Sadanga is a place not so often visited. It sits on high ground above the mountains surrounded by other municipalities. The path to take was once a dirt road, the fine, dry dust following your trails when you go driving or walking by. Up, up you go to that lonely path and suddenly stop midway to a diversion road. One goes up to Sacasacan and the other downhill to Poblacion. Before choosing your way is an interesting spot right there, this place called Opucan, where a lone memorial stands. This is where Mother Basil Gekiere lies, the Belgian ICM sister who came and chose to stay and helped educate Sadanga with other CICM missionaries such as the great Fr. Leon Quintelier. The people laid her to rest here, on a knoll to overlook the people she came to love. So like a checkpoint this place stands to watch everybody who happens to come by. Another few minutes going downhill will get people to Sadanga Poblacion, the Municipal Hall sitting smack in the middle where it is most accessible to everybody. Right below on another adjacent village fronting the Municipal Hall is Barangay Demang. Accentuated by a river below the rice paddies, you could view the provencal scene in its simplest and most natural essence. The Catholic Church sits a few paces away from the Municipal Hall and the Police Station, and it is a busy place. The church is one place where they gather and commune and gladly some of the most important events and gatherings in Sadanga are church based. Proof that Mother Basil and all the other people who started Christianity here are successful, and the present parish priests of the Vicariate are doing well continuing it. This has helped dispel the conflicts that used to mar the rivaling tribes. Most people has opted for peace these days so Sadanga is a very much quiet and safe place to travel to.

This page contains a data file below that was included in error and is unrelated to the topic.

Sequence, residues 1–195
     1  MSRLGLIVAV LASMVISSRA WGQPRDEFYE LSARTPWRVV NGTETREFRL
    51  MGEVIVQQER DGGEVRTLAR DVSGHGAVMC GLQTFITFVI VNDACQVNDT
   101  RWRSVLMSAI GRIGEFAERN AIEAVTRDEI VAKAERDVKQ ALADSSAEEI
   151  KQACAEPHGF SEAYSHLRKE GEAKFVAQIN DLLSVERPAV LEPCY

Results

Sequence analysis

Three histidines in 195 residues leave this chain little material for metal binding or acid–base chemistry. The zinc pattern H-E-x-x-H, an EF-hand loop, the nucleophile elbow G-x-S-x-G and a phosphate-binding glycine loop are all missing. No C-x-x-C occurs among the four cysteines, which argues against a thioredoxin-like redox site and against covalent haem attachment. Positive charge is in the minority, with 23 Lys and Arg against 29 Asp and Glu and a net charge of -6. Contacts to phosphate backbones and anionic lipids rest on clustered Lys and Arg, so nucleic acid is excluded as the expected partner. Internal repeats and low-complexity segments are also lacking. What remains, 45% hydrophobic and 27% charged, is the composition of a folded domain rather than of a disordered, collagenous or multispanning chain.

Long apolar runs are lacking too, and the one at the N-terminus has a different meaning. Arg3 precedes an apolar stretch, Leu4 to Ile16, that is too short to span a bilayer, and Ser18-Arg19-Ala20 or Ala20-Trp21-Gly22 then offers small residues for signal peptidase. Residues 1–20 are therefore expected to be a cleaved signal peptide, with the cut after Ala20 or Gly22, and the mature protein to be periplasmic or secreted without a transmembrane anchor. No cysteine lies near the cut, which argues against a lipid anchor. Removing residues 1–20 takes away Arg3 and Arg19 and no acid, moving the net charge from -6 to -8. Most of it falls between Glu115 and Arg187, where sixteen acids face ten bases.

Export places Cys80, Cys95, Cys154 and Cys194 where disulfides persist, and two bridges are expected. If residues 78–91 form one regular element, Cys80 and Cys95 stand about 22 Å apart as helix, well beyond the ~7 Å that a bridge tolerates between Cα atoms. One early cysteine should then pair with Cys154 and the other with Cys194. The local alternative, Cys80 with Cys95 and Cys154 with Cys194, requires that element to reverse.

Opting to take the diversion road uphill on the other hand would take you to my Dad’s hometown, a place called Sacasacan. This barangay overlooks most of Sadanga in its entirety, with Bekigan and Belwang to the extreme left, Poblacion and Demang below. Sacasacan is the oldest seat of government in this municipality. This place is so strategic that the American once built a garrison here and a watch house. Over across a ledge is a magnificent view of the rice terraces. The “ators” still exist, preserved the way they were, of kugon roofs and stone walling. Life here is still so rural that one can enjoy it to the simplest. You work and play and you survive.